By Jeff Dwarshuis LMSW, ACSW
Posttraumatic Stress Disorder (PTSD) is a severe mental health problem that can happen to anyone at any age at any time. The origin of PTDS starts with an individual either witnessing or enduring something that is horrific beyond what is typically experienced by a person. Common examples of people with PTSD are war vets, firefighters, victims of domestic violence, people who have been robbed, abducted and children who have been abused. In the workplace, PTSD can happen in many ways but commonly will occur through witnessing an accident or being a part of an accident.
PTSD and Integrated Memory
In order for a negative memory to pass it must go through a process called integration. This means that the mind fully internalizes the memory and makes it an old memory. For example, if someone goes through a typical negative experience it initially will impact the persons feelings, self concept and related body sensation. Once the memory is integrated, those negative associations disappear and the memory is simply an old memory. If someone experiences a traumatic memory, the mind is not able to fully integrate the memory leaving the person to constantly reexperience the negative thoughts, feelings and body sensations. It is as if people were not made to take experiences that are too negative. This is the beginning of the development of PTSD. Without treatment, this problem could remain for a lifetime.
Symptoms of PTSD
The following symptoms are taken from the DSM (The Diagnostic and Statistical Manual of Mental Disorders.) Only a limited number of symptoms need to exist to make the diagnosis.
- Exposure to or witnessing an event that is horrific beyond what is typically endured by a person. (All PTSD cases have this symptom.)
- The person experiences intrusive thoughts or flashbacks of the event(s).
- The person has nightmares about the event(s).
- The person feels as if the event(s) is continuing to happen.
- The person has emotional overwhelm when reminded of the event(s).
- The person has physical reactions when reminded of the event(s).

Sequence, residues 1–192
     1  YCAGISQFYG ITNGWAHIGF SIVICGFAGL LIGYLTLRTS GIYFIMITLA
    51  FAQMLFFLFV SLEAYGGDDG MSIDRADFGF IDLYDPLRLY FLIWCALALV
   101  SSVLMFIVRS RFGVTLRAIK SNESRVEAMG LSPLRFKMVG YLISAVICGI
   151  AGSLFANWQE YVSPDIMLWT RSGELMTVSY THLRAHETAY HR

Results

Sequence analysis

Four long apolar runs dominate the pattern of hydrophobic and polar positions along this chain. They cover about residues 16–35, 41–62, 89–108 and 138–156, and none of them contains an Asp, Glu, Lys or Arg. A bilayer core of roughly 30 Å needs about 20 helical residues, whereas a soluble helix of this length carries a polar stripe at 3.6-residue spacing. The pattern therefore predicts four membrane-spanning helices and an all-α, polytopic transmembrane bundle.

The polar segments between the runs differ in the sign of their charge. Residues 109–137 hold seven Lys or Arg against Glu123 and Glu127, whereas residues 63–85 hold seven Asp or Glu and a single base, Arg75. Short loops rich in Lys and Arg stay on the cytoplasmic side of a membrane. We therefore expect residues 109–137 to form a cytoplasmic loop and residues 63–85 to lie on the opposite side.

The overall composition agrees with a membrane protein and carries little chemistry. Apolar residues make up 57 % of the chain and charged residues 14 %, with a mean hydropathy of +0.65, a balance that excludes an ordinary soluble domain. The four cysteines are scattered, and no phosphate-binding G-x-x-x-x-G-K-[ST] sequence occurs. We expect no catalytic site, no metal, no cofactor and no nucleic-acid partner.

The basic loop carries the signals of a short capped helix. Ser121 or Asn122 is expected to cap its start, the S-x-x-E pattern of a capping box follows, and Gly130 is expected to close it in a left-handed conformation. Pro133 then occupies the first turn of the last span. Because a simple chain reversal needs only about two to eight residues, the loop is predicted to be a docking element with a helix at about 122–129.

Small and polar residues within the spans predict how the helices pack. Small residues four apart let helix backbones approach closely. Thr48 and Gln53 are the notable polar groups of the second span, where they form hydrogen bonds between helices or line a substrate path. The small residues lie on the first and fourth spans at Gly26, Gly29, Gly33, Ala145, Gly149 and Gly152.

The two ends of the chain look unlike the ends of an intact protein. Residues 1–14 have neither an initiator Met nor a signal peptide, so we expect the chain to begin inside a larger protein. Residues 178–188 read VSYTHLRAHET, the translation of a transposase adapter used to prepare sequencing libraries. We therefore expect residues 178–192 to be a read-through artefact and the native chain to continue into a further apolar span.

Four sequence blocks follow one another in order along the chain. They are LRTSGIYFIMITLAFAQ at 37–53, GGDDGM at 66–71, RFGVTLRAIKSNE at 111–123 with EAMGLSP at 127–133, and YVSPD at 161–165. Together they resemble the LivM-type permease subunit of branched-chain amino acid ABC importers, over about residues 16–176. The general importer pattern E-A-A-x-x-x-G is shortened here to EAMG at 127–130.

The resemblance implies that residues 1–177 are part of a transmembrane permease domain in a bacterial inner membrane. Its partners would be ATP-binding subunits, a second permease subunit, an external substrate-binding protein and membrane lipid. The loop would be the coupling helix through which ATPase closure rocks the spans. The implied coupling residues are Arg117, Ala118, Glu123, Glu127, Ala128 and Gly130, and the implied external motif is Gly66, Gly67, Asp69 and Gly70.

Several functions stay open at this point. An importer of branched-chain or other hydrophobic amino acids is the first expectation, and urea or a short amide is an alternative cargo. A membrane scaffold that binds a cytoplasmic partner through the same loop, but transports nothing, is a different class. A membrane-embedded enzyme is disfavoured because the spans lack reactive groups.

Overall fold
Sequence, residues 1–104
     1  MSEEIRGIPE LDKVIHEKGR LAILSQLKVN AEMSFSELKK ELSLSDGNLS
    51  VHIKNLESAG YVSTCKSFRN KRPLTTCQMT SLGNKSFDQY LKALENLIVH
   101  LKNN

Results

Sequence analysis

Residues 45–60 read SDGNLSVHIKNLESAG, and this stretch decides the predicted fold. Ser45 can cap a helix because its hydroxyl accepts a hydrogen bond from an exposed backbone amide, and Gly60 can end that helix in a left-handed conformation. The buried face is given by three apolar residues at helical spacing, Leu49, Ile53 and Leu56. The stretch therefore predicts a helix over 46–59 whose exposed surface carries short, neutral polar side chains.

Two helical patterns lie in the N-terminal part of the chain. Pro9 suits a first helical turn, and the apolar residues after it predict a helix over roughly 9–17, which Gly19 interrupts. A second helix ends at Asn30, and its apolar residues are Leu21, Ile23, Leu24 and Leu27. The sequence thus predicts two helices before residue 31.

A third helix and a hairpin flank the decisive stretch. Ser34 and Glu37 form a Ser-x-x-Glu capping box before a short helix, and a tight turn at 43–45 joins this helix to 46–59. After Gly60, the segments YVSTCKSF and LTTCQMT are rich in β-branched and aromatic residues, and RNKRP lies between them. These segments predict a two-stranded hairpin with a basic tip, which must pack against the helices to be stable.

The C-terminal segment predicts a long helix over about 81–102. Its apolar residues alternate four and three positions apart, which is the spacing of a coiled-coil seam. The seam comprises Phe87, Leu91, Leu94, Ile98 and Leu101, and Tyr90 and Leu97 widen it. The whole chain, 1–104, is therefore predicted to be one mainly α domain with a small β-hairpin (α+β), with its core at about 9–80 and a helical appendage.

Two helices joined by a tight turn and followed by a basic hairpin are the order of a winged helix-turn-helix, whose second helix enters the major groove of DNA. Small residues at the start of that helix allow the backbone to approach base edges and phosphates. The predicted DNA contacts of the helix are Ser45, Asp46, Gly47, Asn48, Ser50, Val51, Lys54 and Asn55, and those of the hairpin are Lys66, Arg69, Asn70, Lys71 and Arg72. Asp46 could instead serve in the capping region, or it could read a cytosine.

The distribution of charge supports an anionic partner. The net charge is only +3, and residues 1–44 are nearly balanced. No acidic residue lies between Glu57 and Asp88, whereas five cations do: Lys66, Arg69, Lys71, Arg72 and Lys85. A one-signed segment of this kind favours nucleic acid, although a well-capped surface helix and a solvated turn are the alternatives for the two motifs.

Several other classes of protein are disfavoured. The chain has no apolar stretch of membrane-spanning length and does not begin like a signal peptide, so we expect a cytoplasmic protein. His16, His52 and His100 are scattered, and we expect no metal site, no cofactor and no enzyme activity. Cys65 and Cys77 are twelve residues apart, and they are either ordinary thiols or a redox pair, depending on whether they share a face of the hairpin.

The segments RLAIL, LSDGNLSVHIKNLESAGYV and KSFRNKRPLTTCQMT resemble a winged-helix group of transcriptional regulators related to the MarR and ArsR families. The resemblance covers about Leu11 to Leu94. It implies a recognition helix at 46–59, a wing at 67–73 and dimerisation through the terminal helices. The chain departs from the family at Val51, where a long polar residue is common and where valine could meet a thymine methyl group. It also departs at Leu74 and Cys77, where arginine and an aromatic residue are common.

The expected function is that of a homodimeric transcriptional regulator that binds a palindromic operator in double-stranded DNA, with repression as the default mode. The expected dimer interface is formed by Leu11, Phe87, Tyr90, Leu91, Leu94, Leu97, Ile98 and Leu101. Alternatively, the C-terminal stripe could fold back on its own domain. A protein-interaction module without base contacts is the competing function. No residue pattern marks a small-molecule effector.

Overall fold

- The person avoids thoughts and feelings about the event(s).
- The person cannot recall all of the event(s).
- The person withdrawals from others.
10. The person does not experience the peaks of good or bad emotions.
11. The person believes they will not live long or have a good and productive life.
12. The person has sleep disturbance, hyper vigilance and extreme anger.
For the outside observer, symptoms of PTSD are not very obvious. Many of the symptoms listed above can be recognized if the individual discusses the trauma. However, the person with PTSD generally wants to avoid the thoughts and feelings related to the trauma(s) and does not discuss the memories or seek therapy. The individual will, however show distinct negative behaviors. First, the person will almost always show symptoms of depression and anxiety. Second, people with PTSD tend to want to be alone and will withdrawal from others. Third, the person can have extreme outbursts of anger and can be set off by only very minor things. Lastly, people with PTSD often times will abuse substances. In fact, more people will actually seek treatment for the substance abuse than for PTSD.
Treatment for PTSD
Only in the past 15 years has psychotherapy been able to fully embrace and effectively treat PTSD. Studies have shown that group debriefing can be an effective way for people to become aware of the possibility of PTSD and it may decrease some minor symptoms. Cognitive Behavioral Therapy (CBT) also has been effective in treating PTSD. Eye Movement Desensitization and Reprocessing (EMDR) is a neurobiological intervention which integrates traumatic memory. Both CBT and EMDR have been shown to effectively treat PTSD. However EMDR is cited as being more effective in reducing symptoms for a greater amount of cases and in a significantly shorter amount of time.
Jeff Dwarshuis LMSW, ACSW is a licensed psychotherapist in private practice specializing in EMDR therapy. For contact call (616) 443-1425 or send an email to email@example.com.
Also see Dwarshuis’ webpage at http://www.jeffdwarshuis.com/ for free clinical information and blog entries on EMDR, performance strategies, upcoming presentations and family health.